City works to prepare budget for upcoming fiscal year

Published 5:12 pm Saturday, August 12, 2017

The city of Selma should be considering a budget for the upcoming fiscal year as soon as its next meeting.

Councilman Johnny Leashore asked Mayor Darrio Melton Tuesday night when the city council would have a budget to discuss.

Melton said his office is still working on the budget but would have something in the “next couple of weeks.”

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Leashore followed up and asked if something could be ready by the council’s next meeting on Aug. 22.

City treasurer Ronita Wade said she thought that would be possible.

“Let’s put pressure on the treasurer,” Melton said after Wade said she would work to have the budget later this month.

“To give us time to dissect. I know there will be some bumps we have to travel in the budgetary process,” Leashore said. “Some people will like it, and some won’t. What we have to do is come to an understanding about what’s best for our city.”

The city has been operating off a roughly $17 million budget for several years.

Wade has stressed the need for new revenue throughout the year.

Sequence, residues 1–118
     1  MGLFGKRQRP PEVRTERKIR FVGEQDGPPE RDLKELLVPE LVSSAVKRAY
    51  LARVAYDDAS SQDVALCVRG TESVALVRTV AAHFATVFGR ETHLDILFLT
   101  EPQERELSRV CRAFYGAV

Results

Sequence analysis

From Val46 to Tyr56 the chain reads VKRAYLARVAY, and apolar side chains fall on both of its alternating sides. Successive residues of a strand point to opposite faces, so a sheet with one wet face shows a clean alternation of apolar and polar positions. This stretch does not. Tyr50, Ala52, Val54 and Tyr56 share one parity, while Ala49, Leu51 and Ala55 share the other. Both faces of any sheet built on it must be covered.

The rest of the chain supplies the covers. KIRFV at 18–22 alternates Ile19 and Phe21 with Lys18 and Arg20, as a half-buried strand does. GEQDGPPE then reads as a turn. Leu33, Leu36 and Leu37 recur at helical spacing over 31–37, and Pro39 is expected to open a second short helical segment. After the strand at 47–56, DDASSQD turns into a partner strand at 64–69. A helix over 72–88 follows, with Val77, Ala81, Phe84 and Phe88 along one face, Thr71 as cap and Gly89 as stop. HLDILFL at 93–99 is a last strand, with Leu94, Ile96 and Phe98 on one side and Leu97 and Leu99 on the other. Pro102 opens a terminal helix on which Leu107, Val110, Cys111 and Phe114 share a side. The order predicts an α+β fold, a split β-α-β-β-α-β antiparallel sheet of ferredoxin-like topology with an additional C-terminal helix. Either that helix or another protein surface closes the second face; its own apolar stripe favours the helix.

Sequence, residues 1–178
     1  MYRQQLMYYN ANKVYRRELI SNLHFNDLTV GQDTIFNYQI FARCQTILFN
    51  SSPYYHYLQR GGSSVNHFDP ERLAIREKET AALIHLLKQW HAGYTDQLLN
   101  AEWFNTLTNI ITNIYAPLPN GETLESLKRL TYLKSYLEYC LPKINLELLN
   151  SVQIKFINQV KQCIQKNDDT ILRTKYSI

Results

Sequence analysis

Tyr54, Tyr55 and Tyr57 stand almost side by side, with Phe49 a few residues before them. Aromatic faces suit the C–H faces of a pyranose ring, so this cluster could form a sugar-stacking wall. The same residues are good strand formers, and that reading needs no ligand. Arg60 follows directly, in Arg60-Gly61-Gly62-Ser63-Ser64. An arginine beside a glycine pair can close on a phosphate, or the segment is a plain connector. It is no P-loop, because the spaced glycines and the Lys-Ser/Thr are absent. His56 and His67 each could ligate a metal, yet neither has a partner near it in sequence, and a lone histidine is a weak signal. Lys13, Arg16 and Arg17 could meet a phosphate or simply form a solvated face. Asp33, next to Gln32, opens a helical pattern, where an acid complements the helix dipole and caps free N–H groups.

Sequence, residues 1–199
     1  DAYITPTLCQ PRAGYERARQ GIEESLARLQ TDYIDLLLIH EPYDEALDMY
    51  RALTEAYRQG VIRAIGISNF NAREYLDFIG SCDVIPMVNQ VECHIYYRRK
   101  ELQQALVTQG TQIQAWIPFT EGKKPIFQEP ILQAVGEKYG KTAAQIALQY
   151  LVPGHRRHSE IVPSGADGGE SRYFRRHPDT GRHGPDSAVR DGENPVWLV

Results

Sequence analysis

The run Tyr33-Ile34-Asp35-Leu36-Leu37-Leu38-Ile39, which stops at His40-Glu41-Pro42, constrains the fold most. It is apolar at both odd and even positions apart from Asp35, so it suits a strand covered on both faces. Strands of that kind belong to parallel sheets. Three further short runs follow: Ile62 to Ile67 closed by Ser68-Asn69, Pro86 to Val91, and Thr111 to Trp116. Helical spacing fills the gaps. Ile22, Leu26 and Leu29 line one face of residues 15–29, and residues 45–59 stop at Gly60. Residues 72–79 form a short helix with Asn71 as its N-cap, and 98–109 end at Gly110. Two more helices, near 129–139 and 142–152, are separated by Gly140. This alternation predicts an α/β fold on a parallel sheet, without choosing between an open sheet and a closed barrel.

The council has taken some steps by cracking down on the entertainment tax for events and enforcing vendor ordinances.

However, the easiest way to generate substantial revenue would be a sales tax increase, which Wade has recommended to the council.

The council hasn’t been warm on that idea and several, including Leashore, have said they won’t support a sales tax increase, which would only need a majority vote of the council to go into effect.

A property tax increase would have to go to a vote of the people, which would take months and isn’t guaranteed to pass.

Melton said without more revenue the budget won’t be much to look at.

“What we are looking at is if the council decides to not find other revenue generating avenues … the budget that we will be bringing is a budget that wouldn’t be too much to look over.”

Leashore said he thought citizens would support a property tax increase if earmarked for public safety and public works.

“What is killing us now is we need new monies. If you are going to have quality services, you are going to have to pay for them,” Leashore said.